Dru Melvin humble about second trip to Wrangler National Finals
Growing up on a ranch outside of Tryon, Nebraska, riding horses and working cattle was not an unusual activity for Dru Melvin. But mom and dad don’t often write checks to their kids in the 5 figures for a day’s work.
The PRCA steer wrestler hopes that in the next few days he’ll be cashing some big day wages for riding his horse and working some steers.
He’ll technically have to get off his horse and manhandle the steers but it will be worth the time since he’ll be competing for almost $800,000 in his event.
Melvin and the other Wrangler National Finals Rodeo competitors will vie for a chance at over $61,000 each night in their own events. The man or woman that takes first place in each event each night will cash a $19,002.40 check.
While he isn’t a newcomer to the bright lights of Las Vegas, he isn’t an old hand at the WNFR either. Melvin competed in the finals rodeo just once before, in 2006.
“It should be a little more laid back this time, having my family with me. It will be fun and I think I’ll enjoy it more.”
Melvin said he was fresh out of college the other time he qualified for the national finals and was confident.
“I didn’t think there would be another poor day but it took me eight years to get back. It’s humbling. You can be on top of the world one day and at the bottom the next,” he said. “That’s what I love about this sport.”
Melvin bought a new horse this year, and he confirms that Sambo played a big role in his success this past year.
“He gives me a chance to win every time. He’s a good, solid honest horse,” he said. The double bred Doc Bar horse, purchased from one of his traveling buddies, Bray Armes, Gruver, Texas, is particularly good on longer scores like those in Cheyenne, Salinas and Pendleton. “He looks like a Doc Bar horse, he’s big, stout. More cow bred than running bred,” Melvin said.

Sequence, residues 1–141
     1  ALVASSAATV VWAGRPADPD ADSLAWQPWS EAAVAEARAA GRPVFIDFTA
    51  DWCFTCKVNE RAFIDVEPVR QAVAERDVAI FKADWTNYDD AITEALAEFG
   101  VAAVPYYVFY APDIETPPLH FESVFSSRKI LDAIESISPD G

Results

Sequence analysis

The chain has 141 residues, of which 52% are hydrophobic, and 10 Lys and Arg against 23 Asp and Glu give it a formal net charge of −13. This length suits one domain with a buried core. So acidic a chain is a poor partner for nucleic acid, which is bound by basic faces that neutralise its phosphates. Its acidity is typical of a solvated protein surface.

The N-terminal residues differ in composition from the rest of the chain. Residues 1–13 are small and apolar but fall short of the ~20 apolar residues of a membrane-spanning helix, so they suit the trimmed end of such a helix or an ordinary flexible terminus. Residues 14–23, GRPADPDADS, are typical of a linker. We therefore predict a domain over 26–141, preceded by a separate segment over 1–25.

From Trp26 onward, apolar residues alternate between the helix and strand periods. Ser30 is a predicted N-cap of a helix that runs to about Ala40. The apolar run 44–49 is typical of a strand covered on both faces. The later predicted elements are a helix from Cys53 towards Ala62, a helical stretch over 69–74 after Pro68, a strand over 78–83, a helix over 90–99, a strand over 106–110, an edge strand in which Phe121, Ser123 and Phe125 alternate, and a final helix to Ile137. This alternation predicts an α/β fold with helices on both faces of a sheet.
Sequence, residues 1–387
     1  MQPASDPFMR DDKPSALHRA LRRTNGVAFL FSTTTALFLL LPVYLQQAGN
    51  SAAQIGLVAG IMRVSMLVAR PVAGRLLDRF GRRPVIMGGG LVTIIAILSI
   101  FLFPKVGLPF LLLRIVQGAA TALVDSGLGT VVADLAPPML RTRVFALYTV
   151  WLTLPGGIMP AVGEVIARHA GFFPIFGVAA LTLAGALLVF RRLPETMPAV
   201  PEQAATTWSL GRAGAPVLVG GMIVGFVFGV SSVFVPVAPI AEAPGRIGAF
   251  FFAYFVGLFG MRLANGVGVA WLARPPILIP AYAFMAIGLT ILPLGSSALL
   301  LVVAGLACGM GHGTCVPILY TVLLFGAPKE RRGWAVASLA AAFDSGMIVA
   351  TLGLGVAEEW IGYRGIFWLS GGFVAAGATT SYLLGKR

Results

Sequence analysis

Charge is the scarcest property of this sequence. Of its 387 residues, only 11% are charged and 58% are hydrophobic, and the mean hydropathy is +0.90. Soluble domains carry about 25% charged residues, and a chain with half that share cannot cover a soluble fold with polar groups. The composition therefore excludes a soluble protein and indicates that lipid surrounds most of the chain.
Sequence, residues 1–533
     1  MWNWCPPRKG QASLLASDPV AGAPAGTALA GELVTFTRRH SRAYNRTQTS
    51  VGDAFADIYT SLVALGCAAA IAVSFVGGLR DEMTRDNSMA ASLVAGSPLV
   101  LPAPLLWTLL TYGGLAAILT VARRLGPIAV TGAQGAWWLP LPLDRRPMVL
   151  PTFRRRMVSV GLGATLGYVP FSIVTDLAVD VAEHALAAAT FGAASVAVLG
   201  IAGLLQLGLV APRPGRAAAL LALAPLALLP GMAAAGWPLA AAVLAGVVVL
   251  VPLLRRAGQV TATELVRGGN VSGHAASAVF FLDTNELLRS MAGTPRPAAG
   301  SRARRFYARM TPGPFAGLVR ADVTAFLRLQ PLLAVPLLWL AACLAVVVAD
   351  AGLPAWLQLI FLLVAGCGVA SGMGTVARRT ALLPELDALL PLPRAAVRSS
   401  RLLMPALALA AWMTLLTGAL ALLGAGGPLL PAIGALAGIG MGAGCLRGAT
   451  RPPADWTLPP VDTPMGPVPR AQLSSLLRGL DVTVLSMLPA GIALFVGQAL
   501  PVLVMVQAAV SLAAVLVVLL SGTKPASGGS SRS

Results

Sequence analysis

While Melvin’s other traveling partners, Casey Martin, Sulphur, Louisiana and Sean Mulligan, Coleman Oklahoma, rode Sambo in Pendleton and a couple of other rodeos, Melvin is usually the only guy to ride him.
“He’s good in the box. He just you a chance, doesn’t matter if it is a short start or a long score, you can blow the barrier out every time.
Mulligan, “the best hazer in the business,” according to Melvin, regularly hazes for the other steer wrestlers in the pickup. The four men usually haul two hazing horses and three bulldogging horses down the road.
The steer wrestling event is wide open this year, Melvin said, and he is pleased with his seventh place slot. “I’m right in the middle of the pack, its perfect.”
The steers to be thrown at the WNFR are ones Melvin and the other bulldoggers have competed on before. The cowboys even had the chance to help weed some out in preparation for the big event.
“The Thomas and Mack Center is such a fast start you want steers that leave, you don’t want steers that let off. It makes it hard to get a good start. We went through and picked out a bunch that will be a nice set
The opportunity to earn those big ol’ checks wasn’t without some sacrifice on the part of Melvin and his wife Brittany and their 15 month-old-son Jaxson.
“We try to go no more than four weeks without seeing each other,” said the traveling cowboy, explaining that Brittany is very committed to her job. They were both thankful she was able to take the time off necessary to join him for the WNFR.
While Melvin’s family sold their ranch a few years back after they lost his dad, he works with his father in law Greg Wiedel on his farm and ranch near Hebron.
“I’m usually home part of calving season. I try to stay home most of April and then help get fence ready so we can put cattle out around the 15th of May,” he said. “Then I try to be home in the fall to help with most of the weaning.”
The second week in June Melvin shows up again. He and his three siblings last year hosted the eighth annual bulldogging jackpot in honor of two great men who lost their lives to cancer within a year of each other. Melvin said the jackpot is a fun family event he looks forward to. It was organized to honor Wayne Melvin and his best friend Swede Swanson. Proceeds from the jackpot help sponsor one or two young bulldoggers at local schools put on by big names in the business.
Scholarships to a clinics hosted by Dean Gorsuch and another by Todd Suhn and Paul Cleveland were given out this year.
Melvin misses some rodeos because of his ranch commitments but it works out fine for him.
“I go to mostly circuit (local) rodeos the first part of June,” he said.
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